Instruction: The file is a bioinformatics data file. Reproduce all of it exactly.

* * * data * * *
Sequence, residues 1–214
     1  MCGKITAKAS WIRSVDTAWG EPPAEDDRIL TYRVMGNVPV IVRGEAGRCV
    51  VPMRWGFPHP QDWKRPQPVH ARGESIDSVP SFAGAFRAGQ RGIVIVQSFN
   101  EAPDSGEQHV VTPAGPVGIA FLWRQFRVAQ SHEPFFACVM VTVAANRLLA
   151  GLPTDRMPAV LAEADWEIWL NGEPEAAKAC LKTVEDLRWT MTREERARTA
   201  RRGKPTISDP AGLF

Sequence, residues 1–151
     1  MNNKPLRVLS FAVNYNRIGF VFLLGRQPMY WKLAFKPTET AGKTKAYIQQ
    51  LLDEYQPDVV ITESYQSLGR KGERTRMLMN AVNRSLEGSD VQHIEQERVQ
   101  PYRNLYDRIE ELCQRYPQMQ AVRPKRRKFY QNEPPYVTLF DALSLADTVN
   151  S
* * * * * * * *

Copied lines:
Sequence, residues 1–214
     1  MCGKITAKAS WIRSVDTAWG EPPAEDDRIL TYRVMGNVPV IVRGEAGRCV
    51  VPMRWGFPHP QDWKRPQPVH ARGESIDSVP SFAGAFRAGQ RGIVIVQSFN
   101  EAPDSGEQHV VTPAGPVGIA FLWRQFRVAQ SHEPFFACVM VTVAANRLLA
   151  GLPTDRMPAV LAEADWEIWL NGEPEAAKAC LKTVEDLRWT MTREERARTA
   201  RRGKPTISDP AGLF

Sequence, residues 1–151
     1  MNNKPLRVLS FAVNYNRIGF VFLLGRQPMY WKLAFKPTET AGKTKAYIQQ
    51  LLDEYQPDVV ITESYQSLGR KGERTRMLMN AVNRSLEGSD VQHIEQERVQ
   101  PYRNLYDRIE ELCQRYPQMQ AVRPKRRKFY QNEPPYVTLF DALSLADTVN
   151  S